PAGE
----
Engineer of Change Print
Written by Eric McHenry   
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Engineer of Change
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Evans with Richard Nixon. Photo courtesy of Dan Evans.
When Dan Evans’ family first came to the state of Washington, there was no state of Washington. In 1859, the year his great-grandfather settled in what is now Port Gamble, there were 500 people living in Kitsap County—making it roughly twice the size of King County—and fewer than 12,000 in all of Washington Territory. Three decades later, Evans’grandfather served in one of the young state’s first senates.

Evans grew up in Laurelhurst and attended Roosevelt High School, where, seeking the junior class presidency, he suffered the only electoral defeat of his life. After graduating in 1943, he went straight into the V-12 naval officer training program. His first duty station was the UW, although the Navy moved him to an ROTC program at the University of California-Berkeley after only eight months.

By the time Evans deployed to the Pacific as a commissioned ensign, the war was over, and he spent much of 1945–46 on aircraft carriers, helping to bring soldiers and planes back home. When he returned to the UW in the fall of ’46, he felt too old and impatient for extracurricular activities. He buckled down, studying civil engineering under many of the same professors who had taught his father 30 years before, and completed a B.S. in 1948 and an M.S. the following year.

After graduation, Evans took a job on the city of Seattle’s structural engineering design team, where he helped draw up plans for the Alaskan Way Viaduct. “I figure that I’ve lived too long,” Evans jokes, “because that marvelous, permanent structure that I helped design is now under fire and they want to take it down.” (Despite his sentimental attachment to it, Evans has forcefully argued for the viaduct’s replacement by a tunnel.)

One day in 1956, Evans called up Bill Douglas, ’55, and told him he was considering running for the state legislature. Although he was several years Douglas’s senior, Evans felt that a friend with a political science degree might have some useful insights.

Dan Evans: as a briefly bearded governor in 1973. Photo courtesy of Dan Evans.
“There was a long silence on my end,” Douglas recalls, “and finally I said, ‘Well Dan, I think that’s wonderful, and you’re a terrific engineer, but you know you’re not the world’s greatest stand-up public speaker.’ In fact, he was a terrible public speaker. And Dan said, ‘Well, I’ve taken that into account. I’ve spent the last year going to the Toastmasters club, and I’ve just won the prize for the most improved member.’ ”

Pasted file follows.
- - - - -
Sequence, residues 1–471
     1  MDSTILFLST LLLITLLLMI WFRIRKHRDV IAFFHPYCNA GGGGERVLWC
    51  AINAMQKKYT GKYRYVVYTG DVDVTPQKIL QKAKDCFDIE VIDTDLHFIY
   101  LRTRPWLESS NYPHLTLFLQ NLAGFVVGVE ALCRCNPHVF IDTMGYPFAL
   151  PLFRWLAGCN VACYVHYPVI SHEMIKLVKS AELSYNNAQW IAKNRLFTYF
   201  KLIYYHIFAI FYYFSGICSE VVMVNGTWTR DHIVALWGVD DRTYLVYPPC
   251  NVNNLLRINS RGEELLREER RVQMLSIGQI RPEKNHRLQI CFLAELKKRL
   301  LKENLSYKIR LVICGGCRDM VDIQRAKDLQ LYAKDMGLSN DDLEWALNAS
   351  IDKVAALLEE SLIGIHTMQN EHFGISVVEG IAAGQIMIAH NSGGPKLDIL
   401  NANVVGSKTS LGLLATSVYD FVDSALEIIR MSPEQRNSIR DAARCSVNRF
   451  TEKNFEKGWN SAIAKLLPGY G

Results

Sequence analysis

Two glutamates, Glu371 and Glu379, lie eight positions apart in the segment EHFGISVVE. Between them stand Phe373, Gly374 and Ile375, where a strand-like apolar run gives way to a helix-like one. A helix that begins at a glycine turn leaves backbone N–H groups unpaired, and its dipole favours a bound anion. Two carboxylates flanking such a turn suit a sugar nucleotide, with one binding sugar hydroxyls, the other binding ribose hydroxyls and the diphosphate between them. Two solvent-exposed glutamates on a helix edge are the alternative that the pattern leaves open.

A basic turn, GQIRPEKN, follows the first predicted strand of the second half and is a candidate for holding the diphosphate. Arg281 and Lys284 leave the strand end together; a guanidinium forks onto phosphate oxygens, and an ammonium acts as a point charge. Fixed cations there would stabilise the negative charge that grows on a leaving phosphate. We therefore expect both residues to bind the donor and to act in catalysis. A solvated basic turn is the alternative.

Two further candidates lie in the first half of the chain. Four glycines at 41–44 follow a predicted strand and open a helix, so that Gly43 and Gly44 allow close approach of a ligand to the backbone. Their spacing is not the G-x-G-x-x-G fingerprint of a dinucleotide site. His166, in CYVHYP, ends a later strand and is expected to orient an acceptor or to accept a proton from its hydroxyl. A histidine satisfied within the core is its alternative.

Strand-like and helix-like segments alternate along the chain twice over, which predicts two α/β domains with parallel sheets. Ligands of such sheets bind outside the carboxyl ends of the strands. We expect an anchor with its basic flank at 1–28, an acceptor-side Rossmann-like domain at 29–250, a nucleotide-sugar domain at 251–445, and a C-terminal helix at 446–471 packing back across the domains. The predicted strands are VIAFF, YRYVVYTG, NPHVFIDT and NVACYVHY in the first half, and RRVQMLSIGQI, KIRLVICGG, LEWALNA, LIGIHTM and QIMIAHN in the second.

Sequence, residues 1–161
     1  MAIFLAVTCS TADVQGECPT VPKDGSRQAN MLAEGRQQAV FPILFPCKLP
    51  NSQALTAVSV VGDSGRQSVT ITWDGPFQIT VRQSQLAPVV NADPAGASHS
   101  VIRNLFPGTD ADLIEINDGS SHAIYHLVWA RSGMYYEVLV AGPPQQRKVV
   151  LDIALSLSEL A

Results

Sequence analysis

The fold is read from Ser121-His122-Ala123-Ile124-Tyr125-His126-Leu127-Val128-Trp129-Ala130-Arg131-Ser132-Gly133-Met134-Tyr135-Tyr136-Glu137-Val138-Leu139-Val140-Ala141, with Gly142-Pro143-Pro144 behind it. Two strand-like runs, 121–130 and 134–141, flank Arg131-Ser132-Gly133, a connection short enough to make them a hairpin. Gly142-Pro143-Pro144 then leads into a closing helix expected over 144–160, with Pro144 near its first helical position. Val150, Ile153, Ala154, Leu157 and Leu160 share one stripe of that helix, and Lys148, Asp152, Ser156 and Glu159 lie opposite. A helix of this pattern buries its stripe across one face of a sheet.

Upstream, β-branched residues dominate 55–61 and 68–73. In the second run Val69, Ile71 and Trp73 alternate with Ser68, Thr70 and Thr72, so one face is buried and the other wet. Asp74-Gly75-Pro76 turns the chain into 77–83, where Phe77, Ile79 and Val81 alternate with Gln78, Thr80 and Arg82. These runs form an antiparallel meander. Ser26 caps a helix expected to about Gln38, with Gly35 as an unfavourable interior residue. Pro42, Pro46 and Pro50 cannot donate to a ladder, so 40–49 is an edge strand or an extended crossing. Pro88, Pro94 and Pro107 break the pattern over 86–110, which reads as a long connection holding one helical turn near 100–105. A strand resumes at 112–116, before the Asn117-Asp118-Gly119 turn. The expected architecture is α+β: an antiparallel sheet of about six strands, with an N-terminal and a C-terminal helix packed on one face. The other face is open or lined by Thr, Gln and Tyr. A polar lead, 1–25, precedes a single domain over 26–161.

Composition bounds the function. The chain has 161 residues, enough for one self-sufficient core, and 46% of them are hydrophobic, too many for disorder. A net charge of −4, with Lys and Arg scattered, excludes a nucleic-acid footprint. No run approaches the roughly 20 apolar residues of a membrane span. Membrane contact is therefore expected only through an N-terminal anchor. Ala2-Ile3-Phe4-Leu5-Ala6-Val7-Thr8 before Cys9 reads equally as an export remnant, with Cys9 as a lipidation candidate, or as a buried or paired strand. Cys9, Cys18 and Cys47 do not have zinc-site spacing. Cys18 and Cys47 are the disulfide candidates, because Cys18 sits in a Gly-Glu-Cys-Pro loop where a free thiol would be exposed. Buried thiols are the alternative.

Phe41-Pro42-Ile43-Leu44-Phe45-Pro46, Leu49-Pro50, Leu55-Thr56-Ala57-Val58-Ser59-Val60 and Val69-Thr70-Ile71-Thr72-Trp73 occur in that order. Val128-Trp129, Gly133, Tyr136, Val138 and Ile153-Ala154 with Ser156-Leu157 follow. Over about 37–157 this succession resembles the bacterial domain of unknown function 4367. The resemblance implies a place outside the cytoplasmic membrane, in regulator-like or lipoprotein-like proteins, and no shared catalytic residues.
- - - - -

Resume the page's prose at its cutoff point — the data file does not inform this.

Douglas now admits he should have seen this coming from his former Boy Scout troop leader—an Eagle Scout who had so deeply internalized the motto “Be Prepared” that on outings with him nothing ever went wrong. Evans, of course, would go on to win not only the 43rd District legislative race but every subsequent race he entered. (He would also become known for his prowess at the podium, appearing on the cover of Time magazine in 1968 as the keynote speaker at the Republican National Convention.)

Once in office, Evans invariably took the same approach to problems and needs—identifying them early, sometimes before they even arose, and addressing them with aplomb and humility. In his first term as governor, from 1965–69, he worked with a divided legislature to create the state community college system and secure huge increases in funding for education. In 1970, he established the first state-level Department of Ecology, which the Nixon administration would later use as a blueprint for the creation of the federal EPA. In 1974, Evans launched the ambitious “Alternatives for Washington” program—a survey of the state’s citizens that drew 70,000 responses and would influence policy for decades to come. “It was amazingly far-sighted,” Archibald says of the program, which yielded policies covering everything from transportation to education to social services with a heavy emphasis on environmental protection. “If you look back at that agenda, we’re still working on it. And that was 30 years ago.” Following a 1981 study by the University of Michigan, Evans was named one of 10 outstanding governors of the 20th century.

Evans as U.S. senator on Capital Hill, circa 1988, with wife Nancy and sons (from left) Bruce, Mark, and Daniel Jr.. Photo courtesy of Dan Evans.
Evans also fought tirelessly, and without success, for a state income tax. In fact, the self-styled conservative took up some improbably liberal-looking causes during his tenure as governor. But Evans insists that an active state government, far from being incompatible with conservatism, is the embodiment of it. The best way for governors to keep power from concentrating in a bloated federal bureaucracy, he says, is to keep things running smoothly at home.

“I’ve given innumerable speeches along that line,” he says. “I’m writing an autobiography now, and I was just rereading one of my speeches a few days ago—I was admonishing the audience about the need for state government to really step forward and do its task, or else prepare for an orderly handover of state responsibility to the federal government.”

Evans is sorry that the popular definition of conservatism has so narrowed in recent decades. And he laments the decline of bipartisanship, which was always his preferred way of getting things done. Neil McReynolds, ’56, Evans’ long-time press secretary, remembers the governor saying over and over, “There aren’t Republican solutions or Democratic solutions. There are the best solutions. That’s what I’m looking for.” And he wasn’t just saying it in speeches, McReynolds adds, but in private conversation. “It was just the way he felt about things.”